Amelie Peisl

Amelie Peisl (DC ’12) was born in Munich, Germany, and lived in France and Vermont before her family finally settled down in California. Amelie majored in anthropology and also fulfilled pre-medical requirements. She plans to both go to medical school and continue studying medical anthropology, in order to gain a holistic perspective on the field of global health. In order to learn more about the practice of medicine in countries around the world, Amelie is spending the spring semester of 2011 studying abroad in Nairobi, Kenya and taking classes on health and community development. During the summer of 2011, she aims to continue learning about global health by conducting research on community health worker programs in rural Kenya. In her free time, Amelie likes running, baking pies, and watching Arrested Development.

  • Functionality of Community Health Workers in an Urban, Impoverished Environment

    Faculty advisor (name): 
    Michael McGovern

    I spent eight weeks researching community health workers (CHWs) in western Kenya, in the city of Kisumu. My research examined how CHWs operate within the specific local setting of Kisumu, and particularly how community perceptions had an impact upon the efficacy of CHW services. I partnered with a local NGO that ran a CHW program and used participant-observation and interviews to gather data. I interviewed various individuals involved in the field of community health, including CHWs themselves, their clients, local community members who did not receive CHW services, NGO administrators, and doctors and nurses who worked in the area. I conducted 62 interviews total, with 18 interviews done with the aid of a translator.

    Through my research, I found that the perceptions of CHWs among community members, NGO administrators, and local health professionals were all generally positive. As my research progressed, I found that community perceptions had less of an impact on CHW efficacy than several other important factors, and thus the direction of my research changed as the project was progressing. While some organizations poured money into the CHW project and provided their CHWs with a monthly income and health kits, others started out with very little funds and relied on volunteer CHWs and cost-less initiatives such as health education. The differences between CHWs of various organizations had significant implications within the community. Furthermore, I noticed an “NGO culture” of competition among some organizations within Kisumu— instead of collaborating on a similar project, the various NGOs would compete against one another to get the highest numbers of community members (seen as a sign of “success”) for their projects. Among the CHWs, there were often several CHWs from different organizations working within the same neighborhood, sometimes resulting in client overlap.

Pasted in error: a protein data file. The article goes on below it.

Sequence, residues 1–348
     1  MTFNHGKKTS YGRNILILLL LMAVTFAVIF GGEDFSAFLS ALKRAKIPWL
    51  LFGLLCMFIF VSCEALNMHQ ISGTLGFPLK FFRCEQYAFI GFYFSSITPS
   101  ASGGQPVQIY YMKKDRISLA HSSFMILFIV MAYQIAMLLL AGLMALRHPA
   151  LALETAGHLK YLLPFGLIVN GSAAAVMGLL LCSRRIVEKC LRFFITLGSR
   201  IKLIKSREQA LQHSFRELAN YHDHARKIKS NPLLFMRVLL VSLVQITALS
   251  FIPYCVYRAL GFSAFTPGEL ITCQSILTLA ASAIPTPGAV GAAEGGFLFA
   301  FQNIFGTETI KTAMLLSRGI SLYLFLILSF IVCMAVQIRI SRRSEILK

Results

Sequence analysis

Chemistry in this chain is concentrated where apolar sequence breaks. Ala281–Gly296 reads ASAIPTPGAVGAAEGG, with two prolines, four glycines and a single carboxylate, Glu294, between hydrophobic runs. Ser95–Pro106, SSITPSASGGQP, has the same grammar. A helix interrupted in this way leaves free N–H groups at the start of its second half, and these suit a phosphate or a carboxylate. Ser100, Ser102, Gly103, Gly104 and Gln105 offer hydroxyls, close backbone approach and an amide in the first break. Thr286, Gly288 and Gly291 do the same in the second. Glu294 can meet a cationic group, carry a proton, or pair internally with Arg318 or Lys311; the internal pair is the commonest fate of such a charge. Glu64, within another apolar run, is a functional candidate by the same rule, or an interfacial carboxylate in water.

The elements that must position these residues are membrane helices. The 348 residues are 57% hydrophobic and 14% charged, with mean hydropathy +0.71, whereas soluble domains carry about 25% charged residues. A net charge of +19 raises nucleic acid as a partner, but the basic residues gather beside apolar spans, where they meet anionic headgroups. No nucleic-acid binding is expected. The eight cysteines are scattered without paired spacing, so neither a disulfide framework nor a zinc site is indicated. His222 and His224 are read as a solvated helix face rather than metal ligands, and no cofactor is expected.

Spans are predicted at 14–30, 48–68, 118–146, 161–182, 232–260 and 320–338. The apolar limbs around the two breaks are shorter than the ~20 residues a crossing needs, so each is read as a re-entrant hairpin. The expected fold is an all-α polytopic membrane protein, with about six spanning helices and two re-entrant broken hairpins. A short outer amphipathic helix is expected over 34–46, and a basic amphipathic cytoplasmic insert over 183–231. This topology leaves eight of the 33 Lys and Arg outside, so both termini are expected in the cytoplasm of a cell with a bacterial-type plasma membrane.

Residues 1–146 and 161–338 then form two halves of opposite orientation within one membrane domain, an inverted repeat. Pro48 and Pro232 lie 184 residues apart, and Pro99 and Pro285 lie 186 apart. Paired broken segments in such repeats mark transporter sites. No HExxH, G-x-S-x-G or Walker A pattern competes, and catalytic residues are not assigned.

Generally, although CHWs are demonstrably valuable to their communities, I found that the CHW program of this specific organization was lackluster and under-resourced, resulting in diminished local effectiveness. Although the CHW program that I studied had all the hallmarks of a “sound” public health strategy— it was home-grown, sustainable, culturally-sensitive, and necessary— the CHWs were unable to serve their communities effectively, and thus this specific health development project failed to achieve its goals.